Tuesday, 24 May 2016

Review Kenny Morgan

Francis Beckett is engrossed by the relationships at the centre of a new play about the fate of celebrated playwright Terence Rattigan's young lover.

Kenny Morgan
By Mike Poulton

The End Of The Affair

The playwright Terence Rattigan had a long love affair with a young actor called Kenny Morgan. Morgan left Rattigan for a younger, bisexual actor who in turn left him, and Morgan killed himself in 1949. On this basis of fact, playwright Mike Poulton, who adapted Wolf Hall for the stage, has built a fine, gripping, sometimes very funny and occasionally flawed play directed by Lucy Bailey.

The three men at the heart of the love triangle, on whom the play depends, are carefully and sensitively drawn so that we care about what happens to each of them, and they are brought to life in three fine performances: the wealthy, slightly cynical but ultimately caring and vulnerable Rattigan by Simon Dutton, the louche young lover Alec by Pierro Niel-Mee and the clinging Kenny – the most important of the lot, and the hardest, for it’s very easy to lose patience with people who wail “But I love him!” – by Paul Keating. 

The minor characters are a different matter. There are two small parts for women, and they are both sloppily written. 

Kenny’s landlady is a monster in her scenes in Act One, and then all motherly concern at the end of Act Two, with no plausible explanation for the change offered; Marlene Sidaway does the only thing she can do, which is to say her lines with total conviction.   

The young woman Alec sleeps with has one brief scene when she is required to stay on the stage far longer than is plausible because it suits the author’s convenience. Lowenna Melrose performs it well, but can’t make it credible.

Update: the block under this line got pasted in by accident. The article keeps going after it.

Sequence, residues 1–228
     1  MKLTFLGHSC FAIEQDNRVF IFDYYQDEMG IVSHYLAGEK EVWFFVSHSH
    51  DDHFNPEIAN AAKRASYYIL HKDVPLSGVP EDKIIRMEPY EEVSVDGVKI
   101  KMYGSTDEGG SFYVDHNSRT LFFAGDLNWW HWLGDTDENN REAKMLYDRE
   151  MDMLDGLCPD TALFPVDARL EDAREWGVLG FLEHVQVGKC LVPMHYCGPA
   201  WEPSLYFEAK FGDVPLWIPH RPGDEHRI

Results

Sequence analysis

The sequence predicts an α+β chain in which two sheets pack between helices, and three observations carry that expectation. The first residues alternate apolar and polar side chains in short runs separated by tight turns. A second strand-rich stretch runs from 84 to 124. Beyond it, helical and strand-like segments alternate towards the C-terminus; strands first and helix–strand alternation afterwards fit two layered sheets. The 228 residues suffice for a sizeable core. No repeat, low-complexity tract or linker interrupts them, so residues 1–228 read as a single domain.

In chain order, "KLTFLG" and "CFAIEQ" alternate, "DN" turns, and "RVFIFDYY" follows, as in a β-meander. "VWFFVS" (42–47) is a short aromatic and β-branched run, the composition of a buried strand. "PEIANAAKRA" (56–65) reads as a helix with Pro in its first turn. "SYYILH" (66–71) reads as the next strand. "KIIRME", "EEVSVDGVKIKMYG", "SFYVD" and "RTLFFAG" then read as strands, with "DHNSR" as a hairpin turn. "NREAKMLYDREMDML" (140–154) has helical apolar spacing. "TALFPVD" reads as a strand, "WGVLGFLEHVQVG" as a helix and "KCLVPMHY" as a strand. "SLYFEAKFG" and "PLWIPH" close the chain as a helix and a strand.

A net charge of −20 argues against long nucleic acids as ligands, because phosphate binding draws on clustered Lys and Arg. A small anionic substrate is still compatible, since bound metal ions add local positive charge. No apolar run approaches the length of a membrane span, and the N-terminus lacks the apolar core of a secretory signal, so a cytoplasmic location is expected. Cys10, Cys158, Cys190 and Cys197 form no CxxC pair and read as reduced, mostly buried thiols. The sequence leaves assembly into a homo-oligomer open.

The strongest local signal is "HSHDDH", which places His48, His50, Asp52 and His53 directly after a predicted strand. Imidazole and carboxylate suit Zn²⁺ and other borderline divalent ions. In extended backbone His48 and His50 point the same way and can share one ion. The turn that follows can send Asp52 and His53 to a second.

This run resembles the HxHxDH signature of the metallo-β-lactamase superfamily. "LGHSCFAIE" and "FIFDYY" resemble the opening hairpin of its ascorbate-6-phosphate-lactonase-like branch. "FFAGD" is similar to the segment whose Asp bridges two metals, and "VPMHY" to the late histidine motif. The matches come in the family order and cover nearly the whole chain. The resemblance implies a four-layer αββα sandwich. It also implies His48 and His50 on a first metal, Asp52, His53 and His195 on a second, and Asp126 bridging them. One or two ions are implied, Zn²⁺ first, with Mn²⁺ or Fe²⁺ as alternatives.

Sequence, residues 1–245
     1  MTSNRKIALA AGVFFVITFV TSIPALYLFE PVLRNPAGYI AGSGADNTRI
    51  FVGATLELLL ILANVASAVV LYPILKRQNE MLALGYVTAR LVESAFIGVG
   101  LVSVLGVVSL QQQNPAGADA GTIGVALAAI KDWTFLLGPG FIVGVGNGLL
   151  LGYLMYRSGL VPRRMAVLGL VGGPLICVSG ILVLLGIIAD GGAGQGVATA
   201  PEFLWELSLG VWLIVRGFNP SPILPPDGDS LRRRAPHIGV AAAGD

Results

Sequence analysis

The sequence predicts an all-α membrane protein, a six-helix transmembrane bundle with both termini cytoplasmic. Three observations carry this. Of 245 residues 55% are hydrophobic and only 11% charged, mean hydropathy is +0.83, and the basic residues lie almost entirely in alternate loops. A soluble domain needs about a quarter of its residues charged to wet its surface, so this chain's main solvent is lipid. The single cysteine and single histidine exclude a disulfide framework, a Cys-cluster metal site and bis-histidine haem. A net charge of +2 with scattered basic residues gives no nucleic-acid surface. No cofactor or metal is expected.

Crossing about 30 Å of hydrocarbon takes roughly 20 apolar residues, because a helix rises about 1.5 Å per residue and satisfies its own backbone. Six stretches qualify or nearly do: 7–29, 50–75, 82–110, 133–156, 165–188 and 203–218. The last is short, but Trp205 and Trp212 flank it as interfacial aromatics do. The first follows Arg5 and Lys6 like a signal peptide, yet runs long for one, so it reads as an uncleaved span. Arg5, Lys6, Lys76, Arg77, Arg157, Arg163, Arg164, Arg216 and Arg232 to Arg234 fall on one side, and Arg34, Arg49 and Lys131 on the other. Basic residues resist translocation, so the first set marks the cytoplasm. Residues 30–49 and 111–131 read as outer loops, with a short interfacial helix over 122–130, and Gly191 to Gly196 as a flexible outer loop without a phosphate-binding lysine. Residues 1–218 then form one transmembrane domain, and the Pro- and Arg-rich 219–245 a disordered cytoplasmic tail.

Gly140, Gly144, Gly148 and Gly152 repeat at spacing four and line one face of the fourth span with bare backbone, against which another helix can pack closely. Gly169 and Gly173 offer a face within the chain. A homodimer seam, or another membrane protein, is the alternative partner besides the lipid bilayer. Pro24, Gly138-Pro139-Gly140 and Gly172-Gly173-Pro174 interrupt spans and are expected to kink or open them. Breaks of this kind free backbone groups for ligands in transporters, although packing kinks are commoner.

Kenny’s neighbour Mr Ritter is a Jewish refugee, a struck off doctor – we never quite understand why he was struck off. He is there principally, I think, to make the point to Kenny that Jews in Germany just half a decade previously had no choice but to die; while Kenny has the choice, and talk of suicide is somewhat self-indulgent.

 “Are you a psycho-analyst?”   “No, but I was brought up in Vienna.”   

George Irving plays him thoughtfully, but gives him an accent which I could not place - not the light, charming Mitteleuropa accent he would actually have had.

The only minor character who hangs together, and whose back story we understand, is Kenny’s other neighbour Mr Lloyd, well played by Matthew Bulgo.

Mike Poulton has given us a good play, but with a little more attention to detail he could have given us a better one. 

Characters light cigarettes in a room which, we have just been told, is full of gas, where no one should strike a match; Kenny’s backstory – since this is 1949 and he met Rattigan ten years ago – must surely include time in the army, or time avoiding going into the army, but it is never mentioned; doctors cannot be called out because they have to be paid for, but this is 1949, and the National Health Service was founded the previous year, still a cause of wonder, awe and gratitude.

Taking these factors into consideration, this play is too flawed quite to deserve top marks. So, it's an amber/green light for Kenny Morgan, but a good evening in the theatre all the same.

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